The term "unseptatable" has been applied to the hearts of patients with complex systemic and pulmonary venous anatomy commonly characterized by atrioventricular canal defects and conotruncal anomalies. These patients have traditionally been treated with univentricular palliation, which leaves them subject to poor long-term survival and few rescue options if the univentricular circulation begins to fail.
The ventricular switch involves biventricular conversion (or septation) in these so-called unseptatable hearts. “We use both ventricles, with the morphologic left ventricle serving as the subpulmonary ventricle to recapitulate the physiology of congenitally corrected transposition of the great arteries.” Dr. Najm, who led the development of the novel approach, explains. “We have formalized a combination of procedures that lead to a systemic right ventricle, as opposed to a single ventricle, in patients whose hearts have multiple abnormal connections.”
All patients were alive at the last follow-up (median, 0.6 years; range, one month to 2.7 years). The left ventricular recruitment substantially improved functional status in all patients. Hypoxemia was resolved, with mean systemic oxygenation saturation improving from 79% ± 7% to 95% ± 5% (P = 0.003).
Since the report of these five cases, the Cleveland Clinic team has applied the ventricular switch to four additional patients — with some refinements, as enumerated below.
Dr. Najm notes that the ventricular switch is a series of five sequential steps outlined in the team’s published report of their initial five cases:
- Septation of the atrioventricular valves
- Repair of anomalous pulmonary venous connections
- Atrial conversion
- Rerouting of extracardiac systemic venous connections
- Left ventricle-pulmonary artery (LV-PA) conduit insertion
“This is not a single procedure but rather multiple procedures that culminate in the use of the right ventricle for systemic circulation,” he explains. “We believe these various components of the ventricular switch should be staged into two or three operations rather than all done in a single operation.” He adds that the specifics of the staged breakdown of procedures should be left to the surgeon and informed by the child’s development and overall management.
“As we gain experience, we believe the ventricular switch should be done early in life — ideally before age two years,” Dr. Najm observes. “The idea is to set these patients up with an alternative to the univentricular heart at the beginning of their lives and to undertake the ventricular switch as part of the planning for their long-term care. The heart that is prepared early in life is apt to fare better than the heart prepared later.”
He notes, however, that this is currently only a clinical impression that has not been evaluated in clinical trials. And he emphasizes that it does not mean the ventricular switch should not be considered later, as four of the five initial patients were well beyond age two and have had positive results thus far.
When the right ventricle becomes the systemic ventricle as a result of the ventricular switch, the atrioventricular valve, which is usually on the right side, may dilate and leak as a result of being pressurized. As a result, Dr. Najm’s team has begun routinely adding a left atrioventricular valve ring as a prophylactic measure to preserve the competency of the valve.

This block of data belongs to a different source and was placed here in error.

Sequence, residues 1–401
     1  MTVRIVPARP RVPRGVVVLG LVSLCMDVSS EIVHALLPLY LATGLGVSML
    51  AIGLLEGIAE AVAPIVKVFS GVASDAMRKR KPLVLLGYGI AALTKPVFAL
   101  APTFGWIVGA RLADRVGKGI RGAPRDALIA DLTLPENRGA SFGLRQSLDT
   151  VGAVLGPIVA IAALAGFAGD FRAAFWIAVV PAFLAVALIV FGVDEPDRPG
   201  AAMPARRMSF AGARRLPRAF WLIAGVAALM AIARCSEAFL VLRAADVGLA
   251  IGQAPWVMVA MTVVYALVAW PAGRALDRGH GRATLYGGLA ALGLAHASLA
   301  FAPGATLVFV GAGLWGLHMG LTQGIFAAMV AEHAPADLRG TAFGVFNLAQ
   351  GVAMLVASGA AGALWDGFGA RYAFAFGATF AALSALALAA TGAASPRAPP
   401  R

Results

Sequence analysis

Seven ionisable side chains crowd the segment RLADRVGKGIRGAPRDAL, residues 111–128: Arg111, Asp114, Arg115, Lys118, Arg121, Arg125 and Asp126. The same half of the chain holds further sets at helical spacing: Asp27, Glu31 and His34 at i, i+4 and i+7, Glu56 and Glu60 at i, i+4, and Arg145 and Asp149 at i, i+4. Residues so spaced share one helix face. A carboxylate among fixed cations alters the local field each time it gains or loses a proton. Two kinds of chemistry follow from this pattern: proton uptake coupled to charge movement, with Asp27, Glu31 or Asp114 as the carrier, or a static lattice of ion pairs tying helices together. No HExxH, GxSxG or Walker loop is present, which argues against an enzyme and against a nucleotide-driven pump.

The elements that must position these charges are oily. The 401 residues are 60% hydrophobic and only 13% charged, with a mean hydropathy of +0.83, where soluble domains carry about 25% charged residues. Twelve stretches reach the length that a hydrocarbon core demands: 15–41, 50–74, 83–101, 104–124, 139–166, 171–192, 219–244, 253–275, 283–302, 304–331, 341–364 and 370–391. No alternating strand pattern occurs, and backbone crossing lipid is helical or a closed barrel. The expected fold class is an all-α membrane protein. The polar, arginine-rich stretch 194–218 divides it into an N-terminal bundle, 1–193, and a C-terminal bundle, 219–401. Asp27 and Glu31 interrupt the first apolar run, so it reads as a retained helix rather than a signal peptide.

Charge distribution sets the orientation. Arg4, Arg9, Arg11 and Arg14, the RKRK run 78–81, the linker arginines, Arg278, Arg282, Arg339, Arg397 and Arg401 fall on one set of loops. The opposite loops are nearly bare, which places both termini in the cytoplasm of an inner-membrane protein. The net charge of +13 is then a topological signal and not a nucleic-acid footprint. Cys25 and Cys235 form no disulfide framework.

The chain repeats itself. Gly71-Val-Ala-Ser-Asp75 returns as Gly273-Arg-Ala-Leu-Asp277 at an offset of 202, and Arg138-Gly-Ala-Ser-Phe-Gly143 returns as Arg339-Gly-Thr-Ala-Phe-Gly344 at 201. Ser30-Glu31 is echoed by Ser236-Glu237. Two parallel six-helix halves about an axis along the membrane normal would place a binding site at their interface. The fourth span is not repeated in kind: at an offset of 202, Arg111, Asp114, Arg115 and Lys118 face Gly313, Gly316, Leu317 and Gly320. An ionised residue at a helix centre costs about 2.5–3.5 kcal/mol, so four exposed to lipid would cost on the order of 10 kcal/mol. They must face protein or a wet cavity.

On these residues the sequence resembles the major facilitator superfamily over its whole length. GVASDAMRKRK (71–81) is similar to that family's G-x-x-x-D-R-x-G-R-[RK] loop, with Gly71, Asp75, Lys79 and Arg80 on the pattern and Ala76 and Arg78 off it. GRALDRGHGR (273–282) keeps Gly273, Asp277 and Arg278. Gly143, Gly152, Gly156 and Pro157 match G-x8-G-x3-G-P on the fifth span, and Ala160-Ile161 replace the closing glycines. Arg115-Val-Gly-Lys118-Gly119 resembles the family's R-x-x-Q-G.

In patients requiring one-and-a-half ventricle repair — as was the case in one of the five initial patients — a pulsatile bidirectional Glenn procedure is required. The team is now adding a branch pulmonary artery band before performing the Glenn to reduce the pulsatility of the Glenn and thereby reduce the risk of postoperative pleural effusion.
The significance and innovation of this ventricular switch approach is noted by two commentaries that accompanied the publication of Cleveland Clinic’s initial case series in JTCVS Techniques. Sitaram Emani, MD, of Boston Children’s Hospital called the report “a very important contribution to the field.” David Barron, MD, of the Hospital for Sick Children in Toronto, wrote of the series: “Even when there is no immediately apparent surgical option, standing back and thinking outside the box can sometimes provide unexpected and innovative solutions.”
Both commentaries note eagerness for long-term data on patients undergoing the ventricular switch, a sentiment shared by Dr. Najm. He says his team will continue following the initial five cases and subsequent patients with a particular focus on the function of the right ventricle over time.
Another thing he’ll be watching is what potential failure of the ventricular switch’s systemic circulation may look like. “Our new approach offers patients a better quality of life through a biventricular circulation, and we’re hopeful it will offer greater survival than with univentricular circulation.” Dr. Najm says. “But we also expect it will set patients up for a better failure model if and when failure develops.”
He explains that when failure sets it with a univentricular heart after a Fontan procedure, it manifests as multiorgan failure, with high risk of liver cirrhosis, kidney failure, protein-losing enteropathy and more. “In contrast,” he says, “patients with biventricular circulation will fail with a heart failure pathophysiology, without all the multisystem components. That means they can be considered for heart transplantation or mechanical circulatory support, or other heart-specific options. These patients are set up for a more manageable failure model if needed, one with alternatives.”